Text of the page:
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Teaching Empathy

'Tis the season to teach empathy. From elections to holidays, empathy (IMO) is one of the most under taught/reinforced life habits. As we approach the holiday season, I've overheard my students discussing all the things they are going to get, which is great! However, I have so many students who don't share that experience. They are nervous and afraid of the holiday break. They don't want to participate in the "I'm getting" conversation, and are likely counting down until it's over. By emphasizing the important of empathy, teachers can build understanding and awareness of different perspectives and experiences. I cooked up some resources to get my students thinking about the perspectives of others by talking about, reflecting on, and celebrating empathy.
Students start by discussing what empathy is/isn't and why it's important. Empathy is one of my school's core values so it's not a new concept. We then walk through different scenarios (example) and engage in a few role plays. When referencing empathy, I usually refer back to the phrase "walk a mile in someone else's shoes." The scenarios help students think about this concept. Students read the role plays together, take on a role, and then play it out with empathy. After role playing, student have a chance to reflect on how it felt and what they did to show empathy. We also use quotes as anchors to connect to what empathy means. Check out one of the quotes here.

Journaling is a fantastic way for students to capture their thinking about empathy by creating a comic, writing about a character who practices empathy, or sharing personal experiences. These are great during morning meetings, or as an end of the day reflection.
Last, but not least, celebrate when someone was empathetic. I put post it notes on student desks when I notice students displaying empathy, we write shout outs to each other, and we have an empathy award every couple of weeks.

Empathy is a habit that I am working on practicing more, and a habit students need to develop in an ever changing and complex world. I believe empathy provides the foundation for a strong classroom community. It is how we build trusting relationships and better understand one another.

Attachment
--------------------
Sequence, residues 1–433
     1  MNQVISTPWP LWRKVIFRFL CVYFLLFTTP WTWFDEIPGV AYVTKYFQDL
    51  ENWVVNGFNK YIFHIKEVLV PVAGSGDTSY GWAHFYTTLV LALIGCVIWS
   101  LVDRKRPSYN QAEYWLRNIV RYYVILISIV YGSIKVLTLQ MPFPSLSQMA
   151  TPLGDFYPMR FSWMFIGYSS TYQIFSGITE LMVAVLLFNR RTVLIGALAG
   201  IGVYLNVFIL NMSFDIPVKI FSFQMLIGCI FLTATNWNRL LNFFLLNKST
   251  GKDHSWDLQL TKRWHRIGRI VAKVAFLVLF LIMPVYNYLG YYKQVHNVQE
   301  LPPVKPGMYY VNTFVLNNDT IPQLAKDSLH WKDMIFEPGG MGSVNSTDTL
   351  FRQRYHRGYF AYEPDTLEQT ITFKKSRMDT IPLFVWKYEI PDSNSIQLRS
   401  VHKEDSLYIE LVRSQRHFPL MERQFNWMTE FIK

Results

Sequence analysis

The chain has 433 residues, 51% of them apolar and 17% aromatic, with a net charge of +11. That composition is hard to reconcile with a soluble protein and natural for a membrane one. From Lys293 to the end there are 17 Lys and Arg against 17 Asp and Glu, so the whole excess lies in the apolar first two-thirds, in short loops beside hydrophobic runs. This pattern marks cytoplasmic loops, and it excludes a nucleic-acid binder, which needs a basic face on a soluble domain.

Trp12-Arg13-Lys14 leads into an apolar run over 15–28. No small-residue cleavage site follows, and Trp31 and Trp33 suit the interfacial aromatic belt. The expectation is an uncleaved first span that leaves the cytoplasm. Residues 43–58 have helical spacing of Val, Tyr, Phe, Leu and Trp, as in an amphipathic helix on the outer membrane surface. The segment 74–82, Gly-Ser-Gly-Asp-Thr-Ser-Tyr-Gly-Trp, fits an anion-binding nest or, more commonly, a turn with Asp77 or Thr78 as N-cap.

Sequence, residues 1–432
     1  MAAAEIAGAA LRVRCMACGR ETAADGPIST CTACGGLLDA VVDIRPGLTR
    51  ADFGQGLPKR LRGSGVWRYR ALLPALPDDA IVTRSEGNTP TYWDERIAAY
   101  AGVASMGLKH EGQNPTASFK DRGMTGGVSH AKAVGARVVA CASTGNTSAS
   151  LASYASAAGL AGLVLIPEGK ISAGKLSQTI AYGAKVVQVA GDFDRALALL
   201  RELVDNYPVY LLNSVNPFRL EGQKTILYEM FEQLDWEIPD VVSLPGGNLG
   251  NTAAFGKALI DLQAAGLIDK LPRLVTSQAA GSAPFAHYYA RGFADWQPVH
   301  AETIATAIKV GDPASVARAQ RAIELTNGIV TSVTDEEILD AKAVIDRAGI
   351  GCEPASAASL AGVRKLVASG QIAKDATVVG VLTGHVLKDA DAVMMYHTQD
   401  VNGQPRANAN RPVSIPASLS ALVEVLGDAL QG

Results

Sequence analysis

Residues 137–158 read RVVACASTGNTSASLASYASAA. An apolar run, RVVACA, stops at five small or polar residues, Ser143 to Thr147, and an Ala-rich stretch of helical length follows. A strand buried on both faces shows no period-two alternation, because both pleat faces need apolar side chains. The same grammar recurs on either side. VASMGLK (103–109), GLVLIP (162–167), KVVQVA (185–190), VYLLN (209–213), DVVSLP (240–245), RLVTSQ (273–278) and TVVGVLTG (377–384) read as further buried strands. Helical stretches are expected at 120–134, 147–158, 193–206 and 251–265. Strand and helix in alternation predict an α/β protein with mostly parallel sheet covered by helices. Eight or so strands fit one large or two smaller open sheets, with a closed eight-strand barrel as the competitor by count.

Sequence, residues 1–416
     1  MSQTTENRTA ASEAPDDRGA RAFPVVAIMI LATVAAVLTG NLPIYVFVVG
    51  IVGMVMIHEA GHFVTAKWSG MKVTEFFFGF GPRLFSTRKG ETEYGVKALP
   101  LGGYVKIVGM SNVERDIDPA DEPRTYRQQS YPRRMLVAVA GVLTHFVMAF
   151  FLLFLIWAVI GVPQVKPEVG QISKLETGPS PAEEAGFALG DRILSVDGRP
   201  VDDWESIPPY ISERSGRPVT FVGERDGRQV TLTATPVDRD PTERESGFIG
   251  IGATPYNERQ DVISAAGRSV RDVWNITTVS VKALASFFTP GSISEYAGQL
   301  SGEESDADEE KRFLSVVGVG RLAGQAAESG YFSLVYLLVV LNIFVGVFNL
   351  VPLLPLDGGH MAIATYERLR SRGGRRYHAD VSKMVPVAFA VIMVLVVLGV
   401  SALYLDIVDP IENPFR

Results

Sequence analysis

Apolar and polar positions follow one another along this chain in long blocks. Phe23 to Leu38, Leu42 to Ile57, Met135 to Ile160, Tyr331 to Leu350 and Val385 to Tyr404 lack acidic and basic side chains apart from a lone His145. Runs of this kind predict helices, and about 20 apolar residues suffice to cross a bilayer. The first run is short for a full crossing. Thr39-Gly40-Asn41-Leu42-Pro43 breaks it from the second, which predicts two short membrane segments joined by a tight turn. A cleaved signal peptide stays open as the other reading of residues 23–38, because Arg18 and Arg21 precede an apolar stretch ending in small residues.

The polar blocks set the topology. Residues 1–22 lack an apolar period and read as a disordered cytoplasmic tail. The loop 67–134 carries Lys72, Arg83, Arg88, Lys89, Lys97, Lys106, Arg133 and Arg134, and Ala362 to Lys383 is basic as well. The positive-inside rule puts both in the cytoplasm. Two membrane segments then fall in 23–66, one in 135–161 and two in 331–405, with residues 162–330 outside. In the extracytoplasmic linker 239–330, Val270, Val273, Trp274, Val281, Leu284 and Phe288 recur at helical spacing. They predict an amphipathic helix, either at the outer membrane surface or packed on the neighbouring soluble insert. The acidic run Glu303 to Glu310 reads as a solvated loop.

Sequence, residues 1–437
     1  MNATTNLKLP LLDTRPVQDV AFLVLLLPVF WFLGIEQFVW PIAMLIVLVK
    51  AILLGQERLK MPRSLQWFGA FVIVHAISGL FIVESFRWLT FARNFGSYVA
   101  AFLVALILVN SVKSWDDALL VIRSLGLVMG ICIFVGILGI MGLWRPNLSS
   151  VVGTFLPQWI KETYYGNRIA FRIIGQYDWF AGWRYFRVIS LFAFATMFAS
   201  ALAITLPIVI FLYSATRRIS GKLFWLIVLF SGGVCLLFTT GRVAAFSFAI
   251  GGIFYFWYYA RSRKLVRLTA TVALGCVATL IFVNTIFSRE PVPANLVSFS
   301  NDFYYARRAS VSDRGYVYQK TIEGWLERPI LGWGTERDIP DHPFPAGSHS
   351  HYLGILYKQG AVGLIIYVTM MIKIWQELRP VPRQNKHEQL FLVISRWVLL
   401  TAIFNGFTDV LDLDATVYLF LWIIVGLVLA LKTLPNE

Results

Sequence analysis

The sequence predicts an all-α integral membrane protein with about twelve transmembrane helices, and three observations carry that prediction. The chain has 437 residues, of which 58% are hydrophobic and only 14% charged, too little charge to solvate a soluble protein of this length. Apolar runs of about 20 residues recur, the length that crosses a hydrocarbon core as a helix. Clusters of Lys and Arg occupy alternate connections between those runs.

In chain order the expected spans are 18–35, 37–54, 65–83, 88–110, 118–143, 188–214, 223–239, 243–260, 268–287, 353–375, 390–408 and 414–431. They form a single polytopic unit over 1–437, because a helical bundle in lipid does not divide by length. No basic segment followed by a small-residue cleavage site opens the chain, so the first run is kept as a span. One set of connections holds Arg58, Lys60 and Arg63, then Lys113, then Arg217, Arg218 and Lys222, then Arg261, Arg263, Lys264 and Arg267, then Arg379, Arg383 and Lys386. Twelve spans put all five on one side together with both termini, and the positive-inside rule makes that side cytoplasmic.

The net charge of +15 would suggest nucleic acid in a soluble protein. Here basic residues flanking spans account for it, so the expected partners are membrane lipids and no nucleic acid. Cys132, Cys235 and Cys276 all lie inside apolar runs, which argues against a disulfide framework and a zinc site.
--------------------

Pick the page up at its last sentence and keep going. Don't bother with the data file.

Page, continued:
Let me know how you teach character habits in the comments! The first two people to comment get the unit for free :-)
Tanesha Forman
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  1. Our district had an old but effective program called Second Step that teaches students to be aware of their feelings and how to communicate by discussing scenarios and role playing. I agree that teaching empathy is so important (and the dangers of apathy)!

    1. Yes! I wish more schools would value character education programs in general. I see so much growth and reflection in my students. Thanks for sharing and send me your email address so that I share this unit!

    2. This comment has been removed by the author.

    3. Thank you! I can't wait to use it with my students.

  2. Our school uses Character Counts! but we also have implemented a Morning Meeting time and a daily wrap-up time that we use. Our writing and reading curriculum has a social-emotional component to it as well, so we try and weave it in throughout the entire day.

  3. That's amazing! Teaching character should be something that happens throughout the day! Please send me your email address, and thank you for engaging.